Snow in the spring is welcome. The snow provides great insulation for plants and can protect hardy flowers from frosty temperatures. The moisture provided is a real boost to bulbs and perennials that are ready to emerge. If daffodils and hyacinths are blooming and snow is predicted, cover them with a bucket or similar container so the weight of the snow doesn’t break them.
Tolerance to freezing temperatures depends on the plant. Spring bulbs, such as tulips, crocus and daffodils, can tolerate a light frost or temperatures of 29 degrees Fahrenheit. Perennials that emerge early in the spring are rather cold hardy and can also tolerate a light frost.
Pansies, snapdragons, and dusty miller are examples of spring bedding plants that tolerate cold. Young petunias will tolerate some frost. Most new transplants don’t tolerate frost at all so wait to plant them. Plants like impatiens, tomatoes and basil should be planted in late May to June as they don’t tolerate cool weather.
If the forecast is for a hard frost, cover perennials and bulbs just to be safe. Plants located close to the house receive some protection and might not need additional protection. Plants on the south side of buildings and south-facing slopes come up earlier in the spring because the location is warmer and therefore are more at risk with a frost.
Colorado’s relatively warm days and cold nights, extreme temperature fluctuations and drying winds can wreak havoc with many of our commonly planted perennials.
Generally, after the first hard frost, the foliage of most perennials starts to die and wither. There are two philosophies on when to remove the dead foliage. One approach is to immediately remove the dead foliage. Many perennials will suffer no harm as a result, as long as you exercise great care when applying mulch. The other approach is waiting until spring to remove dead foliage. Always remove diseased foliage to discourage the spread of leaf-spot diseases and fungal problems.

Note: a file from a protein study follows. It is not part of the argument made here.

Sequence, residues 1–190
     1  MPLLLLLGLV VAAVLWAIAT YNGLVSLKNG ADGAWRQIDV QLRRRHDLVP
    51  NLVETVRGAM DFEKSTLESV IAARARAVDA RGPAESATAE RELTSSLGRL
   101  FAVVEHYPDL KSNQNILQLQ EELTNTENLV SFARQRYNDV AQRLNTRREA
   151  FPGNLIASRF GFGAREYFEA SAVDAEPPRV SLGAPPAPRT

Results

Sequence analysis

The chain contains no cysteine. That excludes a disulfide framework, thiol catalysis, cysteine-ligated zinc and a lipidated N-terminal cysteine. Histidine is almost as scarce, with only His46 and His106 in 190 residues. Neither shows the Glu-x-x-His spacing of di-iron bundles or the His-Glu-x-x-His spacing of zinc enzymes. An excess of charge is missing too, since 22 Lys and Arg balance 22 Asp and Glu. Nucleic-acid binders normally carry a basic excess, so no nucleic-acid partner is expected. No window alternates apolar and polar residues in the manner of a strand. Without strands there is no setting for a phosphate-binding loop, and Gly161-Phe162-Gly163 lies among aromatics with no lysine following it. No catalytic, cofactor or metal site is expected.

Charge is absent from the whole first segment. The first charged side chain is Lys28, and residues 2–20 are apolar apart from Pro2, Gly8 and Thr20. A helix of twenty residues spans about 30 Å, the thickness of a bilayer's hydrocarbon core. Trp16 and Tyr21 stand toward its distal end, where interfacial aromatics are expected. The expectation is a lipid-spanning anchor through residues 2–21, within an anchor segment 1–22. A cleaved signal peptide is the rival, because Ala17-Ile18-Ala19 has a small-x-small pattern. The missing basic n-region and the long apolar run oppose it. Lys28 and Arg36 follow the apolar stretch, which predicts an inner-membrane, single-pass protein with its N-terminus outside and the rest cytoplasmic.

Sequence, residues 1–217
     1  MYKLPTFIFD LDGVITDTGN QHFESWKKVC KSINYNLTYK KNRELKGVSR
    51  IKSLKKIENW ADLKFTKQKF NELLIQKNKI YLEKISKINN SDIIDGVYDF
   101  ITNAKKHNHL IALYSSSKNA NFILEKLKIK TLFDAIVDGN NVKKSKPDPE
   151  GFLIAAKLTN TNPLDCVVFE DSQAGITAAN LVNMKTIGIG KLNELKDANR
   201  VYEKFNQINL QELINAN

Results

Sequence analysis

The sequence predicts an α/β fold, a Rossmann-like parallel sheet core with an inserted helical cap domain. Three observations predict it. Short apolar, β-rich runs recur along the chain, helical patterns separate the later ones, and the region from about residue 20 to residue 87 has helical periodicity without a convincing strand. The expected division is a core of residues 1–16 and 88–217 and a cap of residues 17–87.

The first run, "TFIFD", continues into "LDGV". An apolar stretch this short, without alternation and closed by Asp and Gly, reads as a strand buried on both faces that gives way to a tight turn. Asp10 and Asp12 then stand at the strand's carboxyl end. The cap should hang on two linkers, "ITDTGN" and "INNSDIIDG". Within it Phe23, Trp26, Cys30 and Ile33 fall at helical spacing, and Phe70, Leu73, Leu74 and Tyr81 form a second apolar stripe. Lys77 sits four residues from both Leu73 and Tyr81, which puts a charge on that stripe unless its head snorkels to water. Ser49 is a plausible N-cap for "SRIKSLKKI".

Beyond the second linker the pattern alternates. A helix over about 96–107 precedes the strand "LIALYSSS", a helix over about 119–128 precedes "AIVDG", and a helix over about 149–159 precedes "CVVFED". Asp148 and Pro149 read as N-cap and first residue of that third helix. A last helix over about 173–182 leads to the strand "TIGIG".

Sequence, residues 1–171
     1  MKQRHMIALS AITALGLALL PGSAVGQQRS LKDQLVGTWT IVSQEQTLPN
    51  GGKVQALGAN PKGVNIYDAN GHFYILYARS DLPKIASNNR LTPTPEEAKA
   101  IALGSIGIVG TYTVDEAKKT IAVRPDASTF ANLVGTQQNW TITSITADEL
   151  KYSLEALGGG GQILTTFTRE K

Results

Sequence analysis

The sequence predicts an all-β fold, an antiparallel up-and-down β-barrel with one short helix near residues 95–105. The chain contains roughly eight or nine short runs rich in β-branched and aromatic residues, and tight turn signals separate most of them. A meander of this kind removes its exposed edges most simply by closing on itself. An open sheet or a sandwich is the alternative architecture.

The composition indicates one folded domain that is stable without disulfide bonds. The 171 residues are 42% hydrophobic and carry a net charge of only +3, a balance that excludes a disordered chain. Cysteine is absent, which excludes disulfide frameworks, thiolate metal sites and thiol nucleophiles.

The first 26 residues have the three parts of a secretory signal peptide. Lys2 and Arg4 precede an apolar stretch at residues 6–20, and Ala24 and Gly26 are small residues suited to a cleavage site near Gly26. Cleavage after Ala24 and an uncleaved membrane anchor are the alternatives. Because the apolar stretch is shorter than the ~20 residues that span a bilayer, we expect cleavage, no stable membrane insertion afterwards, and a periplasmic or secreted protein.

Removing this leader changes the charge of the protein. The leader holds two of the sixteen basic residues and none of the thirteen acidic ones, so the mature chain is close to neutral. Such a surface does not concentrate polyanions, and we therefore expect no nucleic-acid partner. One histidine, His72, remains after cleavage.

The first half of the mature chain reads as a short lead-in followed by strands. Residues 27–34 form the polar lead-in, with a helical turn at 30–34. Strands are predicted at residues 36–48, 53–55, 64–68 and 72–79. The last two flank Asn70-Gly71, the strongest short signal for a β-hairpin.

Dehydration is a common problem when snowless winters occur. A layer of mulch several inches thick helps retain soil moisture. This mulch should be coarse and loose to permit air movement to roots. Root tissues continue to metabolize in the winter and requires oxygen for this process to take place. Reduced soil oxygen level increases the aggressiveness of many soil pathogens. Mulches which pack down should be avoided.
Watering at least monthly under dry winter conditions recharges the soil profile with moisture critical to plant survival.
Whether you decide to remove dead foliage in the fall or wait until spring, mulches provide the best protection for your perennials. Many types of mulches are available, and no matter which you choose, there are a few guidelines you should follow.
Mulches do a better job of insulating plants when space is allowed for air to circulate. Mulch that packs down to a dense mass during winter can cause mildews and molds to form. Shredded leaves from deciduous trees and pine boughs from discarded Christmas trees offer great winter protection. A good organic compost used as mulch is also effective and can be used as a soil amendment in the spring.
Established perennials and bulbs benefit from mulches that are applied after the ground freezes, because mulches don’t allow soil temperatures to fluctuate as much throughout the winter.
Mulch should not be removed too early in spring or plants will begin to grow too early. Plants located on the south side of a building or wall will emerge sooner than those in other areas, but may be subject to spring frost damage. Some perennials can be damaged by drying winter winds and western sun. Fencing can be used to effectively to protect plantings.